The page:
When founders show me their sales pipeline, the data is typically visualized in some variations of one of these formats:
When I see charts like this, I often find it hard to quickly wrap my head around the data and draw meaningful conclusions. Sometimes, important numbers are missing altogether. In other cases, they are there but are shown on another page or in another report.
I then find myself wonder about questions such as:
- The pipeline is growing nicely, but how much are they actually closing?
- How long does it take them to move leads through the funnel?
- Are they purging their pipeline or are they accumulating a lot of “dead” pipeline value?
With this in mind I tried to come up with a new way for high-level pipeline development visualization, one that makes it easier to quickly get to the key take-aways. If you’re interested in the (preliminary) result only, check out this mockup. If you’d like to learn more about my thought process and some additional details, read on.
The key problem that I have with the standard ways of looking at pipeline development is that it’s hard to follow how deals move through the funnel. I’ve always thought that pipeline development charts should work a bit more like a cohort analysis that allows you to follow a customer cohort’s development over time, and so I mocked up this:
The “pipes” give you a better understanding of what happened to the leads in a certain stage and month. For example, you can see that of the $1.6M that was in “prospect” stage in January:
- $750k (47%) stayed in “prospect” stage
- $500k (31%) were moved to the next stage (“demo/trial”)
- $350k (22%) were lost/purged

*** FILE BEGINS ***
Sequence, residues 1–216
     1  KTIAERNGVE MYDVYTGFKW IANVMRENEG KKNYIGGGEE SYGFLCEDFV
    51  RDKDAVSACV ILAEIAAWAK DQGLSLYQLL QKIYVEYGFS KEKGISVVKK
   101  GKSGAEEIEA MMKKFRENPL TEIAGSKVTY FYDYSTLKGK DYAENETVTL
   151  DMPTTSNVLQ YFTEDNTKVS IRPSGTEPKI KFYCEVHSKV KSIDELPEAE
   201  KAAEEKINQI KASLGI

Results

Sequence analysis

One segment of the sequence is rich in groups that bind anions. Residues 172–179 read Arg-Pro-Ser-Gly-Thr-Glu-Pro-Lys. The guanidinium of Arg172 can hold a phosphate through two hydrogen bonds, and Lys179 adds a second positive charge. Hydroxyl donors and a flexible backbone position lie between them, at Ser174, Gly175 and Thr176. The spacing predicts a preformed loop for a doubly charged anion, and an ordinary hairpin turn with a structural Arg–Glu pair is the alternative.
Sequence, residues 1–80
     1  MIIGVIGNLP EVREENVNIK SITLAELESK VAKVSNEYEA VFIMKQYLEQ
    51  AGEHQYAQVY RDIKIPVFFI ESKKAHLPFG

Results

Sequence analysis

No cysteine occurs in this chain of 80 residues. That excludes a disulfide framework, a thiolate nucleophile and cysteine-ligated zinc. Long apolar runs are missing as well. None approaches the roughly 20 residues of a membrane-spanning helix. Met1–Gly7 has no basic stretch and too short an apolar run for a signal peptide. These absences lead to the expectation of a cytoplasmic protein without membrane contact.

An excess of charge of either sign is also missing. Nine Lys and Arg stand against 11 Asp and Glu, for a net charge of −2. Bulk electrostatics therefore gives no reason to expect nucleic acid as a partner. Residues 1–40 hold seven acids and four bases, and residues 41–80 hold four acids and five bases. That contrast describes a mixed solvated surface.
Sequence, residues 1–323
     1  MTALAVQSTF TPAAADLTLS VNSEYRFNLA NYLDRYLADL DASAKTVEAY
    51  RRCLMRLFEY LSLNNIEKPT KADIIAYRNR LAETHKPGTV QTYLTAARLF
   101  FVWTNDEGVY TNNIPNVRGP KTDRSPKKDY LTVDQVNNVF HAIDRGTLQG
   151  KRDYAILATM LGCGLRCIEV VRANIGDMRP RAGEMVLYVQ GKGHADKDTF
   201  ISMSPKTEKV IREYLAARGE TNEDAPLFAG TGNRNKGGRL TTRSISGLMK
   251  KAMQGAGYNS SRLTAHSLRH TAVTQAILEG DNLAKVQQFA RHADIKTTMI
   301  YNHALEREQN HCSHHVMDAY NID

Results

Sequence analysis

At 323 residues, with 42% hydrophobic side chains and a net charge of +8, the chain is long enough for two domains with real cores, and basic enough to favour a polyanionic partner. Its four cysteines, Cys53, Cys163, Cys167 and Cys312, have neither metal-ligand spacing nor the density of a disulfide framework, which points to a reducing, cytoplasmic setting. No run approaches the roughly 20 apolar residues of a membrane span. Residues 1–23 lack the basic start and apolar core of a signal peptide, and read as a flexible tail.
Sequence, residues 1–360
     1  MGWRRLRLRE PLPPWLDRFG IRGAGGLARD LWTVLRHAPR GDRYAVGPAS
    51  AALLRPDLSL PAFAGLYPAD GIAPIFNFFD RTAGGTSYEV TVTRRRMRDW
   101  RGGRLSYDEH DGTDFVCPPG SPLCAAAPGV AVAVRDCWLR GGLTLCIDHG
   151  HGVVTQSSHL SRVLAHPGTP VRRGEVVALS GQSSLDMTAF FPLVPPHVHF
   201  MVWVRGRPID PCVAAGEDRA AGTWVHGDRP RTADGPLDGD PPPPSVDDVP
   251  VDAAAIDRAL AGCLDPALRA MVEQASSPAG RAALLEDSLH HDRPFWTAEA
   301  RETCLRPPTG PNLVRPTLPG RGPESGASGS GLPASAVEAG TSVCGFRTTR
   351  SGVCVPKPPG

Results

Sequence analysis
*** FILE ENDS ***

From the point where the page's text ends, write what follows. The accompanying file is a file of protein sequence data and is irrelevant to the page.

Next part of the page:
The next step was to add a few additional months to the mockup:
This unfortunately made things a little messy, and people will probably feel overwhelmed by the amount of numbers. One solution, if someone decides to build a little application like a Salesforce.com add-on, could be to hide all of the pipe numbers by default and show them on-hover (maybe with an option to show them all at once):
What’s still missing are some aggregated key metrics …
… and a better way to quickly grasp how these numbers have changed month over month:
Here’s one mockup with all three elements on it:
What you can quickly see in this example is that this imaginary startup is adding an increasing dollar amount of prospects to the pipeline and keeps closing deals, but the rate at which it moves leads to the bottom of the funnel is declining. At the same time, the percentage of lost deals has been growing slowly, while the percentage of deals that remained in the same stage has increased sharply, indicating an increase in sales cycle and/or a poor job of pipeline purging. This has already led to a shrinking bottom-of-the-funnel pipeline, and if the company can’t figure out and fix the cause of that development, it will soon close less and less deals.
All of this is something that you can immediately see by looking at these charts and numbers and which I think is usually harder to see by looking at traditional pipeline charts. What do you think? Looking forward to your comments!